Low Dose Allergen Therapy










Background Information



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Low dose allergen therapy, or LDA, is a method of allergy treatment that was first developed in England by Dr. Leonard McEwen in the 1960s. Originally referred to as enzyme potentiated desensitization, or EPD, Dr. McEwen attempted to eliminate patients’ allergies by injecting minute doses of numerous allergens in combination with an enzyme called beta-glucuronidase. The patient initially required treatment about once every 60 days, and the treatment reportedly was successful with a wide range of allergens, as well as a range of immune disorders such as Crohn’s Disease, Hashimoto’s, and others.

EPD was a legal allergy treatment available in the United States for several years, and it was shown to be highly successful for a vast variety of allergic illnesses. Unfortunately, the Food and Drug Administration discontinued the legality of EPD in the U.S. as of April, 2001. The abrupt discontinuance of EPD in the U.S. left thousands of allergy patients without appropriate medical assistance, since those patients were receiving EPD because there were no other treatments that effectively provided them with allergy relief. That was until Dr. William Shrader entered the EPD arena.



About Low Dose Allergen Therapy



Dr. Shrader began offering his version of EPD, low dose allergen therapy, in 2002. Like EPD, Dr. Shrader’s LDA therapy involves injections of minute doses of various allergens in combination with the enzyme, beta glucuronidase. By stimulating T-suppressor cells, the beta glucuronidase seems to disarm part of the immune system, the part which has mistakenly attacked normal food particles and body cells, thereby causing patients to become ill. Like EPD, Dr. Shrader’s LDA is administered to patients about once every sixty days at first, then less often as the patient’s treatment progresses.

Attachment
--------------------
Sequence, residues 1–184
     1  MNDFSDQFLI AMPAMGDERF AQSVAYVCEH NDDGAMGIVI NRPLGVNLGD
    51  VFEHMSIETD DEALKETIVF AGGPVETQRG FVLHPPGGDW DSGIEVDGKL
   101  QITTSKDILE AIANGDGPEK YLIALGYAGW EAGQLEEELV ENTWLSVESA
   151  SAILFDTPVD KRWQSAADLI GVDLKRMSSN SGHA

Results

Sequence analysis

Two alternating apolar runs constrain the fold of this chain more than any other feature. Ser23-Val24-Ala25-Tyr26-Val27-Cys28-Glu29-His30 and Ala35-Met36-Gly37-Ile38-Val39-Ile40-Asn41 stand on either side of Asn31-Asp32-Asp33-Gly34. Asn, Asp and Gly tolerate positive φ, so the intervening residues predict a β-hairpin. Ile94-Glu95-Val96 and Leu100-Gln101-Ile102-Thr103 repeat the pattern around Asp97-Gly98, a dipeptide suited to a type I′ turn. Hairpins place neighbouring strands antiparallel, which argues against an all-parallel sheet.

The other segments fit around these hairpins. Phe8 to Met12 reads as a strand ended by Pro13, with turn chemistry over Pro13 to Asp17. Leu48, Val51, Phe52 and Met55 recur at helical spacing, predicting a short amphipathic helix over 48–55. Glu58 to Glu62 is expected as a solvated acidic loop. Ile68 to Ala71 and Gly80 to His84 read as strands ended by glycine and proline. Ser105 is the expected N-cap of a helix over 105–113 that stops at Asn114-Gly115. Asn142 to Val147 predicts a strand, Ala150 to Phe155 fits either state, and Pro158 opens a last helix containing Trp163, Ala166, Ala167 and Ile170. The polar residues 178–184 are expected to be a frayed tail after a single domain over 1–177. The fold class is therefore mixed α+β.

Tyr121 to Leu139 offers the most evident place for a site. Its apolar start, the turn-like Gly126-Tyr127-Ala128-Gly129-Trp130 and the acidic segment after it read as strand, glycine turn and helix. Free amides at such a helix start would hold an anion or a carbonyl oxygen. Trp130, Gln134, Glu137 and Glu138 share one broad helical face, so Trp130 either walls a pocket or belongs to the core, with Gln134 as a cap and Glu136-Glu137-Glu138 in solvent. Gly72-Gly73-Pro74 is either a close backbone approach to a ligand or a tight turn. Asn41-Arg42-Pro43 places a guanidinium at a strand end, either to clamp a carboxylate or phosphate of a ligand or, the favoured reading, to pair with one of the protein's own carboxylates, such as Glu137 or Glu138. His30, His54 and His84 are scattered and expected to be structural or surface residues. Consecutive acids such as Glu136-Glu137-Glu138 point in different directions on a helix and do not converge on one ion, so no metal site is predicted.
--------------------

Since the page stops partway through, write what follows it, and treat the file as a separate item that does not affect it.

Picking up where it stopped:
The low dose allergen solution is not sold the way a manufactured drug is sold. Interestingly, the LDA solution is prepared by compounding pharmacies in the U.S. This came about because the U.S. Supreme Court explained to the FDA that it cannot impose its regulations on compounding pharmacies the way it imposes its will on drug manufacturers. Compounding pharmacies are therefore free to prepare the special compounds that doctors prescribe, and this includes Dr. Shrader’s LDA. There are a few caveats, however. Aside from the fact that LDA cannot be purchased on a retail basis, the pharmacies that prepare the LDA are not permitted to advertise LDA, so chances are you will never hear about it unless a doctor tells you about it (or if you are reading this article).



LDA and the Immune System



Perhaps the most interesting feature of low dose allergen therapy is its positive affect on the immune system. Rather then temporarily eliminating allergy symptoms or temporarily reducing the body’s histamine level, LDA seems to teach the immune system, or the white blood cells, to stop attacking normal substances that the body encounters. As you might imagine, as the immune systems learns to recognize “innocent” substances and body components, over time patients might experience profound allergy relief. This is exactly what is being demonstrated with patients. LDA therapy has a cumulative effect on allergies, so patients require less injections as time goes on. In fact, many patients have demonstrated that they no longer require treatment after a given number of injections.






Safety of Low Dose Allergen Therapy



Low dose allergen therapy uses extremely minute doses of allergens in its formulations. This is a vast improvement over traditional immunotherapy, where a significant concern has been the possibility that patients might experience anaphylactic reactions after their weekly injections. Moreover, LDA utilizes the enzyme beta glucuronidase, which is a natural substance that is manufactured by the human body. The beta glucuronidase simply increases the effectiveness of the tiny amount of allergens contained in the LDA formulation. Therefore, you have safe, miniscule amounts of allergens with a maximum potential benefit. As far as our research can ascertain, there have been no side effects associated with low dose allergen therapy.



Where to Obtain Low Dose Allergen Therapy



There are LDA physicians in Alaska, California, Canada, Colorado, Florida, Georgia, Hawaii, Indiana, Maryland, Massachusetts, Michigan, Missouri, North Carolina, New Jersey, New Mexico, New York, Ohio, Oregon, Pennsylvania, Texas, Utah, and Washington state.

Dr. Shrader’s mailing address is:

141 Paseo de Peralta Santa Fe, New Mexico, 87501


click here to learn more about the physicians who are providing low dose allergen therapy